Alignment with the AI Act

Incorporating the directives of the Standard can potentially significantly aid organisations in adhering to the forthcoming AI Act from the EU, which will establish a legal framework for AI’s development, deployment, and use. The AI Act requires that AI systems are safe, ethical, and respectful of fundamental rights and data protection.

The Standard’s emphasis on responsible AI implementation, risk management, and continuous improvement is closely aligned with the AI Act’s objectives. Organisations following this Standard may be able to prepare for compliance with the AI Act by:

  • demonstrating accountability and governance over AI systems;
  • conducting rigorous impact assessments and audits;
  • ensuring data quality and security;
  • maintaining transparency and traceability in AI processes and decisions; and
  • establishing robust mechanisms for managing AI-related risks.

Proactive Compliance with AI Act

Adherence to the Standard could be a proactive step for organisations to meet the AI Act’s regulatory requirements, fostering trust and facilitating a responsible AI ecosystem within the EU. It offers a structured approach to help mitigate potential legal and ethical issues associated with AI, providing a clear pathway to AI Act compliance.

The AI Act categorises AI systems into prohibited and high-risk categories, each with distinct compliance obligations. The Standard’s emphasis on responsible AI implementation, risk management, data quality, and transparency closely aligns with these obligations, thereby potentially providing a structured pathway for organisations to meet the AI Act’s requirements.

Compliance with Prohibited AI Systems

The AI Act lists specific AI systems that will be prohibited, such as biometric categorisation systems and untargeted scraping for facial recognition. The Standard, with its focus on ethical AI management and data  governance, could help guide organisations in identifying and discontinuing such prohibited AI applications.

Alignment with High-Risk AI Systems Requirements

For high-risk AI systems, the AI Act mandates rigorous risk management, registration, data governance, transparency, human oversight, accuracy, robustness, cybersecurity, and record-keeping. The Standard aligns with these requirements by providing a framework for risk assessment, data quality management, and transparency in AI operations, which could potentially be adapted to meet the specific obligations for high-risk AI systems under the AI Act.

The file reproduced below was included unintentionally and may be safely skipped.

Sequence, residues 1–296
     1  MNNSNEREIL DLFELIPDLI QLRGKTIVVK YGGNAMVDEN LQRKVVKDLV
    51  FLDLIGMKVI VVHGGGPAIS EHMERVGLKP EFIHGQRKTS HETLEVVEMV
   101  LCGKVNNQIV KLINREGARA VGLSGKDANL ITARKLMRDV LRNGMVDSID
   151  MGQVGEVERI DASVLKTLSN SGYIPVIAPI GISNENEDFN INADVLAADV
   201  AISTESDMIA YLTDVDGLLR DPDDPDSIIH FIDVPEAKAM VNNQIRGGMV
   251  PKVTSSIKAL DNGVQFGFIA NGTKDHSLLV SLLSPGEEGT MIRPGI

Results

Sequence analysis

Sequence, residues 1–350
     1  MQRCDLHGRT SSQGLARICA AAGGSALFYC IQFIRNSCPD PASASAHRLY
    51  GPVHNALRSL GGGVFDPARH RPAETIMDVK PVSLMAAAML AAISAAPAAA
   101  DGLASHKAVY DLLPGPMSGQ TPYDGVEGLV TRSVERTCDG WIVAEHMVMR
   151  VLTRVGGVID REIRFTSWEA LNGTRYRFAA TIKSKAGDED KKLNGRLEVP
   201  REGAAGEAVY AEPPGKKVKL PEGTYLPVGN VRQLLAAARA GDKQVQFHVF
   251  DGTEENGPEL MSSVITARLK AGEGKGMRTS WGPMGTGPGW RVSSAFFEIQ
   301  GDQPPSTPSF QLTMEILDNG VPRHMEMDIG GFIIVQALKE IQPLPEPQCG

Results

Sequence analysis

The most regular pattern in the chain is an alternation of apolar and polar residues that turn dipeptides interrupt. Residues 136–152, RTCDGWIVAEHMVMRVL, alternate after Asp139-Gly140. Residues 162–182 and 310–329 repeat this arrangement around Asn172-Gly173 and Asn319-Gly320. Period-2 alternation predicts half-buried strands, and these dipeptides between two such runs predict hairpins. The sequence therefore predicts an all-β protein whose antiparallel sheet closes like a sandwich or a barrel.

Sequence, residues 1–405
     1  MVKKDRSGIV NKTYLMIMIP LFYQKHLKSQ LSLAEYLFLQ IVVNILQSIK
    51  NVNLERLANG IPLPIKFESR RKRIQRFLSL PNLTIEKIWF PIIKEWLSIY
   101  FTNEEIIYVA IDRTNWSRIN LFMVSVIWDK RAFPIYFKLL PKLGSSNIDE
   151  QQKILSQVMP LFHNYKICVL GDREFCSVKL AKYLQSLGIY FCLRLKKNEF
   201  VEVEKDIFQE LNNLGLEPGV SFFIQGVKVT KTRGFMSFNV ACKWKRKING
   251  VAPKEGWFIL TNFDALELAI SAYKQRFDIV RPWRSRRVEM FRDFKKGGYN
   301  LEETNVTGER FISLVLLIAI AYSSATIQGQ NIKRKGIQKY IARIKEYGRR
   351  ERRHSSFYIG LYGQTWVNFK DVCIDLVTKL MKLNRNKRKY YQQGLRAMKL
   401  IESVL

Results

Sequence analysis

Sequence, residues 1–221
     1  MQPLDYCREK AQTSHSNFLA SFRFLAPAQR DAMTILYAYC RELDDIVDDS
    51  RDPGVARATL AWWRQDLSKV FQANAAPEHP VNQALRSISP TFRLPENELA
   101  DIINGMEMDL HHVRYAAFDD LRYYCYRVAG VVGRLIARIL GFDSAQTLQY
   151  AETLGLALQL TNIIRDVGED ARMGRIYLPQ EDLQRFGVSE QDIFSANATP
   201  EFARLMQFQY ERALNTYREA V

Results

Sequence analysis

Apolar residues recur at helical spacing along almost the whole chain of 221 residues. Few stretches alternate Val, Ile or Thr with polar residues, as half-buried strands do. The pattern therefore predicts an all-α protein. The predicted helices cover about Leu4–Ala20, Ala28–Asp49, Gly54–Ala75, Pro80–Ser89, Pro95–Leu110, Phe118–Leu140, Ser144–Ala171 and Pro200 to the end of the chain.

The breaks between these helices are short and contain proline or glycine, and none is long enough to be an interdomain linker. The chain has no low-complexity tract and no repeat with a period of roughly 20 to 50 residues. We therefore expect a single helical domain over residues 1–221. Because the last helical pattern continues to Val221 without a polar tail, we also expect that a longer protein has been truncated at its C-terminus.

Supporting High-Risk Systems User Obligations

Organisations using high-risk AI systems must adhere to specific obligations under the AI Act, such as ensuring human oversight and cybersecurity measures. The Standard’s guidelines on management systems, data governance, and human oversight could help support users in fulfilling these obligations.

Foundation Models and General Purpose AI (GPAI)

The AI Act requires foundation models and GPAI to adhere to rigorous standards. The Standard can provide a foundational approach to managing these systems, particularly in terms of transparency, risk assessment, and data governance.


The Standard provides organisations with a comprehensive approach to managing AI systems that in many ways appears to be compatible with the AI Act’s requirements. By adopting this Standard, organisations may be able to proactively prepare for the AI Act’s implementation, ensuring compliance with its provisions and contributing to the development and use of AI that respects fundamental rights and ethical standards.